Friday, July 13, 2012

Fox

For some years we have not seen foxes. They are reputed to have a den in the stony bank on the shore (I never did spot it during quite a few wobbly walks down there) and we used to see them regularly. In fact, they occasionally crossed the edge of the lawn in full view of our gin and tonics. Of course, the fact that we didn't see them doesn't mean they weren't there. I wish I could sit dawn to dusk on the deck and just watch, but other, more responsible activities intrude.

But last week we saw one, presumably the same one, on successive days. It was ambling down the shore, calmly trotting from rock to rock in spite of the murder of crows flying about in great outrage. I wonder what it's like to be pursued (reviled, warned, mocked, booed) wherever one goes. It's tempting to make the analogy to politicians hunting office in the face of the loyal opposition, but the fox is handsome and resourceful and the crows intelligent and social and I'm afraid those adjectives describe neither political party at the moment.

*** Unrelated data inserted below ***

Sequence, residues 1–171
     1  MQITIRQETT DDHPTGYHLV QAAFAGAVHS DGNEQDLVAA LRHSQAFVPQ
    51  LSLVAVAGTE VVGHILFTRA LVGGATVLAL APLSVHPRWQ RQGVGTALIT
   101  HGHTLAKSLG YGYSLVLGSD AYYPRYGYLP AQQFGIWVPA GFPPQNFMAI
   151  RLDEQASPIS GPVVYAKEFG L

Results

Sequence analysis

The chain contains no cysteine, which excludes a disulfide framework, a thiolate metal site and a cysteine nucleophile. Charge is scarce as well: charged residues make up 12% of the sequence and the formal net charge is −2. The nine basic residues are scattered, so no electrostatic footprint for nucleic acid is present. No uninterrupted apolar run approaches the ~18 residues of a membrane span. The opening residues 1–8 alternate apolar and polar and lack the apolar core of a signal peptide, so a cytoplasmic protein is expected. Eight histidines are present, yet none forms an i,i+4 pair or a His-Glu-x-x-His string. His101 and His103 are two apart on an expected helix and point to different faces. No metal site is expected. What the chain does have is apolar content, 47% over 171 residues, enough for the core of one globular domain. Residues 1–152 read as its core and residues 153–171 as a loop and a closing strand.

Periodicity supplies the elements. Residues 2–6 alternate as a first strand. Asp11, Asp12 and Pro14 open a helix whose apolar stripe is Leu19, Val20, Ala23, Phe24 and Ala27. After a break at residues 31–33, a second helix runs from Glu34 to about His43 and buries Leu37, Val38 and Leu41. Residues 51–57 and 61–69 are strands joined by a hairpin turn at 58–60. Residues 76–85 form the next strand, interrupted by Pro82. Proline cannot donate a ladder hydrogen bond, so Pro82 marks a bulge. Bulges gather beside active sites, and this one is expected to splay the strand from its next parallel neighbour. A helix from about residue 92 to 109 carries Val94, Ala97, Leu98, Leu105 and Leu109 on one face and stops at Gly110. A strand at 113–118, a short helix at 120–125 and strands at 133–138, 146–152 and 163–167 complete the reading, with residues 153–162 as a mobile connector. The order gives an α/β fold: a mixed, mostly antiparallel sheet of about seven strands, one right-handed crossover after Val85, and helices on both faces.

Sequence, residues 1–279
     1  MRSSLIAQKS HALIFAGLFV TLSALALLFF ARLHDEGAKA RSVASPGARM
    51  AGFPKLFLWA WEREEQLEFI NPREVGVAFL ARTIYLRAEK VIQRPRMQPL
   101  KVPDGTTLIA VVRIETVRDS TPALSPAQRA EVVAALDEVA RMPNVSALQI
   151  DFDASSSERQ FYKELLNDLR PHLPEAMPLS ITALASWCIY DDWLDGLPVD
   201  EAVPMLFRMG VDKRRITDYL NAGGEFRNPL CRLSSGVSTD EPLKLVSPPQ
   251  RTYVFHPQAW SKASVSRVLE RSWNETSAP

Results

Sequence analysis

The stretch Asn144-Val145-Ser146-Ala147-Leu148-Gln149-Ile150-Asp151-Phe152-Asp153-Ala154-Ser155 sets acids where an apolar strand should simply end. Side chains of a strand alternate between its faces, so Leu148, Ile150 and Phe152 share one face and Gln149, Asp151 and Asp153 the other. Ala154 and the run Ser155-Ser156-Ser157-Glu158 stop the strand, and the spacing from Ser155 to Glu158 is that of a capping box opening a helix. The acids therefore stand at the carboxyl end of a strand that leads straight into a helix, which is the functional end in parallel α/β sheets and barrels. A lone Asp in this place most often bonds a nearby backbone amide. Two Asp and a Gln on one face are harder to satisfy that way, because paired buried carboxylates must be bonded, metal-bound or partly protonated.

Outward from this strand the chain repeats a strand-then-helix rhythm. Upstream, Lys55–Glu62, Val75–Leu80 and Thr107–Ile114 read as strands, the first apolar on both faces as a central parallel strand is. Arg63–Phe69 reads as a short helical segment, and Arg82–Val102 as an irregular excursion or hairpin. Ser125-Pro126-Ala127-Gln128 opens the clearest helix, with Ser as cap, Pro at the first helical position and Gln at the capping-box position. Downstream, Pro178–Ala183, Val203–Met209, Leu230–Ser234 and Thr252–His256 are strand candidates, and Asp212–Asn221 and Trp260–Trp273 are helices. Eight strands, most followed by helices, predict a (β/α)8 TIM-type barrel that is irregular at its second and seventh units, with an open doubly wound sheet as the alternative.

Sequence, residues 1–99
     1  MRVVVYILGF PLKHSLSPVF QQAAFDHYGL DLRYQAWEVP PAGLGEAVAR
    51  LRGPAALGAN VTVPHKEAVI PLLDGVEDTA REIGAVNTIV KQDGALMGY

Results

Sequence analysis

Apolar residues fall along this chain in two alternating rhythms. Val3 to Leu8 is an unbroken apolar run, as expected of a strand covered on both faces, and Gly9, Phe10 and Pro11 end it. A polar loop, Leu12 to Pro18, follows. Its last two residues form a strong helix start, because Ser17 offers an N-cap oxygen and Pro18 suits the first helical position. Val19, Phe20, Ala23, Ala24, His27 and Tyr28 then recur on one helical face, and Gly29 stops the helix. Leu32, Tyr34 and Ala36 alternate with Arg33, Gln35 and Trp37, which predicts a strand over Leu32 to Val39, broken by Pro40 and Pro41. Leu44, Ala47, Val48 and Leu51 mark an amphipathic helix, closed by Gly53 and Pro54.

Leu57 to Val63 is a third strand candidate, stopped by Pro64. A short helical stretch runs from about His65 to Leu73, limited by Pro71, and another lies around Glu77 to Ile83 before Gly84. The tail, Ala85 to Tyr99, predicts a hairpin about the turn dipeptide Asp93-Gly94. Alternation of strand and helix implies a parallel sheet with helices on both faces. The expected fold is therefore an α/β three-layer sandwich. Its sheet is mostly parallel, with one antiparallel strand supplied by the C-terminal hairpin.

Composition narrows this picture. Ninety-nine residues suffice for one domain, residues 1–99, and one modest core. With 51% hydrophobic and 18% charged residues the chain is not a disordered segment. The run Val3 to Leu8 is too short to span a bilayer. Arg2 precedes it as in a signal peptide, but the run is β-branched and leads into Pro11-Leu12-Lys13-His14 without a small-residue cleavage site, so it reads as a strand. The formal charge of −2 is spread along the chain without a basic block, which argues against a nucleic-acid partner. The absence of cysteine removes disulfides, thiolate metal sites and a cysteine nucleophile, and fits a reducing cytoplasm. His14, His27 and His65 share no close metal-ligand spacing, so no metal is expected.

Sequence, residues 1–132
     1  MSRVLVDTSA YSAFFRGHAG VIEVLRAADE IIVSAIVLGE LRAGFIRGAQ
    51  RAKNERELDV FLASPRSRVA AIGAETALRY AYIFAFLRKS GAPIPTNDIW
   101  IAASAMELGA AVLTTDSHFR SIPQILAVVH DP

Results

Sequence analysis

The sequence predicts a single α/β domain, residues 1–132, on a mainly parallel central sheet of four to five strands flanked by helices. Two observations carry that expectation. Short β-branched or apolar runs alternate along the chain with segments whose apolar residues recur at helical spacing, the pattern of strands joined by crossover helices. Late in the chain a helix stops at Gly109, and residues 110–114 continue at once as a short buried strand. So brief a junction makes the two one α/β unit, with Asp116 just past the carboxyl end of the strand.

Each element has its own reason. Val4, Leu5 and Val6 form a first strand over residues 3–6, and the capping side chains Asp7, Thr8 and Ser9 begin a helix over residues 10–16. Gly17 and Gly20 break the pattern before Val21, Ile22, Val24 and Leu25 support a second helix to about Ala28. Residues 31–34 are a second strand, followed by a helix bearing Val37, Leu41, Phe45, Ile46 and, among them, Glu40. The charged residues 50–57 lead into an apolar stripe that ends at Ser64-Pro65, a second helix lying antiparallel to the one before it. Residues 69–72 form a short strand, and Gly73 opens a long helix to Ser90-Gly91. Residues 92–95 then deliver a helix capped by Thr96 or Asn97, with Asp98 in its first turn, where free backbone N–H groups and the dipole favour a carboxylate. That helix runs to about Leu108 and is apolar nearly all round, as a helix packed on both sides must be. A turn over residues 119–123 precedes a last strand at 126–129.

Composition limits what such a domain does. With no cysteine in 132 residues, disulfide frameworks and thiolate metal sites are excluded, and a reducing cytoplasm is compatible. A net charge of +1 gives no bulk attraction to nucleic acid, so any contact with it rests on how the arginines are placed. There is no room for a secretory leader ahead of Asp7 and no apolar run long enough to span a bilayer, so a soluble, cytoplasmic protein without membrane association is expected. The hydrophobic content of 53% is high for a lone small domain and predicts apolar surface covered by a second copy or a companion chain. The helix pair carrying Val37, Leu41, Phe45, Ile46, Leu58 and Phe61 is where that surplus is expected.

The fox, however, is proving to be a little more important to humans than we once may have thought.

New research suggests their importance to the control of Lyme disease. As coyotes seem to proliferate, foxes seem to depopulate, and although both mammals eat mice and voles, fox do it better. The new balance of power means more rodents (certainly true in and around our house), and rodents may actually be a more important vector of the disease than deer. Ergo, Lyme disease is increasing in incidence and range, and still increasing even as the deer population at last levels off.

It's probably not that simple. An ecosystem, even a political one as portrayed in the media, is a very complex thing. I'm very pleased, however, to see deer get off the hook, at least a bit. (In a political race between them and rodents, it's fairly clear who would win.) A future that includes more of the good guys - deer and fox - and fewer of the bad guys - coyote and mouse and PAC rat- is OK by me and my antibodies.

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